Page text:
Susan Rosenbaum is Associate Professor of English and codirector of the Interdisciplinary Modernisms Workshop at the University of Georgia. She is the author of Professing Sincerity: Modern Lyric Poetry, Commercial Culture, and the Crisis in Reading (University of Virginia Press, 2007) and co-author of the digital project Mina Loy: Navigating the Avant-Garde and associated digital scholarly book Mina Loy: Scholarly Book for Digital Travelers. She is at work on Imaginary Museums: Surrealism, American Poetry, and the Visual Arts and a collection of essays on Elizabeth Bishop.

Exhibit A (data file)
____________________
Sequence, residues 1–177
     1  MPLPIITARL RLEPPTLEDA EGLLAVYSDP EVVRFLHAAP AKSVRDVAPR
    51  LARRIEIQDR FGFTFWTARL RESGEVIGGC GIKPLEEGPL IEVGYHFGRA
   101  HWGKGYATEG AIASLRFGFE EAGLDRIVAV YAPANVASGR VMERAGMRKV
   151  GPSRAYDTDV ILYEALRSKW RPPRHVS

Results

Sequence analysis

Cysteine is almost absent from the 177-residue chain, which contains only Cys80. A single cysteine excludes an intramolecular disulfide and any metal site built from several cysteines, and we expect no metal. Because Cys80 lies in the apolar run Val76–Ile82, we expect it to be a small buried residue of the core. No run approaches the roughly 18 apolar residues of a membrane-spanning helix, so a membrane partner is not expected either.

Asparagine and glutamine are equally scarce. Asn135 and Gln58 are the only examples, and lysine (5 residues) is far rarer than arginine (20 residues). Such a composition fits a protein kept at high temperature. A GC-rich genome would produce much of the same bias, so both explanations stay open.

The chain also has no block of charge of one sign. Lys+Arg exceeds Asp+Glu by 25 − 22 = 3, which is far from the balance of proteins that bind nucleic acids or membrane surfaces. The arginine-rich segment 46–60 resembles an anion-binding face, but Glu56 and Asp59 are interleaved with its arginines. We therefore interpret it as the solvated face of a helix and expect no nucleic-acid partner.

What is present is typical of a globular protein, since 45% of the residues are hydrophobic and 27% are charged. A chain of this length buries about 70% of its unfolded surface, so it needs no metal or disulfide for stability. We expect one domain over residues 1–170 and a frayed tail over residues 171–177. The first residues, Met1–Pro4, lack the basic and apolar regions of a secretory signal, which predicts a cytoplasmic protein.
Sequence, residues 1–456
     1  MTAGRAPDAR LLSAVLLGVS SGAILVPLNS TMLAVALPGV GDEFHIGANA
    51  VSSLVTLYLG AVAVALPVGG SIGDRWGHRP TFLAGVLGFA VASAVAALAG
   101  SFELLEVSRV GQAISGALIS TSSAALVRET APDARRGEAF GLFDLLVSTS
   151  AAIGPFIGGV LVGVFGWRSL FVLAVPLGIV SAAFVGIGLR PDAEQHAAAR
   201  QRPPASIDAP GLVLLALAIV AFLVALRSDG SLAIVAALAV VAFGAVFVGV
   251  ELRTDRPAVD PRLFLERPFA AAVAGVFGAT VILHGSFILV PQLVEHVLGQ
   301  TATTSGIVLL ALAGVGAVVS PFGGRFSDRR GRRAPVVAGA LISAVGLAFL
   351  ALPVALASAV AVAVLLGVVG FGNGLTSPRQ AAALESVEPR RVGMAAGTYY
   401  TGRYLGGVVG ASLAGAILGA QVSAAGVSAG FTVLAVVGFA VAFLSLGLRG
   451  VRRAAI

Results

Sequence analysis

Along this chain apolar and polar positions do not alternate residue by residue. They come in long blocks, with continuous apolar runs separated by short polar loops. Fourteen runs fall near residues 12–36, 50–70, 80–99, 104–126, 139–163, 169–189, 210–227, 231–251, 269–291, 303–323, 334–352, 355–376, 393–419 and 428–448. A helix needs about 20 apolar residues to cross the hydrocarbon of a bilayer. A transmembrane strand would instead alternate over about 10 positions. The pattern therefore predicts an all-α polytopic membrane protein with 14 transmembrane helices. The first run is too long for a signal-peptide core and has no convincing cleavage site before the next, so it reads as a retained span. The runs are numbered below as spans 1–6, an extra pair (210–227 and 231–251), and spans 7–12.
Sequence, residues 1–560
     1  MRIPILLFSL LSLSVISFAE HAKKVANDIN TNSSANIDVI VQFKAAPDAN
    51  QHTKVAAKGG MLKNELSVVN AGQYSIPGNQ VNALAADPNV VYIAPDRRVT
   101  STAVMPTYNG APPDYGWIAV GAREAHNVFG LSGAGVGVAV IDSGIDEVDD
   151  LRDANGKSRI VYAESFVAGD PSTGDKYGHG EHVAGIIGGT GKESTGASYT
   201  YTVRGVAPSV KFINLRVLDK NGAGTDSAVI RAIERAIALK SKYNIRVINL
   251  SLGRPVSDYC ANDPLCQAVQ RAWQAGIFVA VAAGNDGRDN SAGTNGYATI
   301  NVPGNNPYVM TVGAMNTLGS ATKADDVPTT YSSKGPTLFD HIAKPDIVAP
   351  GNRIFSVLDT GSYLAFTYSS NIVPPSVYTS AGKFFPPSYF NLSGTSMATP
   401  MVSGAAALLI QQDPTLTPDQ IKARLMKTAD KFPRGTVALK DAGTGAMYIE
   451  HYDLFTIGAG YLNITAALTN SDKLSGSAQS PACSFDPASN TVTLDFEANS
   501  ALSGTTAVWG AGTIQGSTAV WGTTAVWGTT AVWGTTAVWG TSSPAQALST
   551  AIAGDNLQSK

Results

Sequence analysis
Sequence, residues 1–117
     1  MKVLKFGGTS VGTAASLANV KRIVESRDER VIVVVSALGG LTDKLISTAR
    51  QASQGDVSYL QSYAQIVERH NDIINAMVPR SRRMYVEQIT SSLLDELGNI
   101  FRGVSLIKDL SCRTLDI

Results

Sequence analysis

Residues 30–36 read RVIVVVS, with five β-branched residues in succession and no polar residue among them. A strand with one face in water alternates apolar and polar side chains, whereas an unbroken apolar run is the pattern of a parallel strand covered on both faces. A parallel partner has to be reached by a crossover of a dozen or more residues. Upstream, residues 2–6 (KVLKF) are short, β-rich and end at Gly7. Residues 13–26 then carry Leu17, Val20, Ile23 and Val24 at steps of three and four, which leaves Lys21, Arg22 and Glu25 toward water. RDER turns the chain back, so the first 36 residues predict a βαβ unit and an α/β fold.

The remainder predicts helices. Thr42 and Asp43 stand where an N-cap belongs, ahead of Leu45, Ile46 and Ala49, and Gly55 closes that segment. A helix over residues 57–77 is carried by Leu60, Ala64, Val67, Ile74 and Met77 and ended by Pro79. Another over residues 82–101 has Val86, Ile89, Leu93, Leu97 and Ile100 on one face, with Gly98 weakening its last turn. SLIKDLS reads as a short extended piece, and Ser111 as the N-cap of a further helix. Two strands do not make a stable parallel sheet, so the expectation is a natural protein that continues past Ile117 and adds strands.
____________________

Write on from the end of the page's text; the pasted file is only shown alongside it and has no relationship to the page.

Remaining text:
Although Mina Loy consorted with nearly every historical avant-garde movement, she was contained by none and is rarely mentioned in their histories. She’s not alone in this regard. Canonical histories and theories of the avant-garde typically marginalize the work of women, people of color, queer, and disabled artists. Despite significant efforts to articulate the importance of gender, sexuality, and race to the avant-garde, scholars have yet to offer a comprehensive theory of the avant-garde that accounts for the experiences of marginalized artists who were often ambivalent about claiming affiliation with white, male-dominated movements.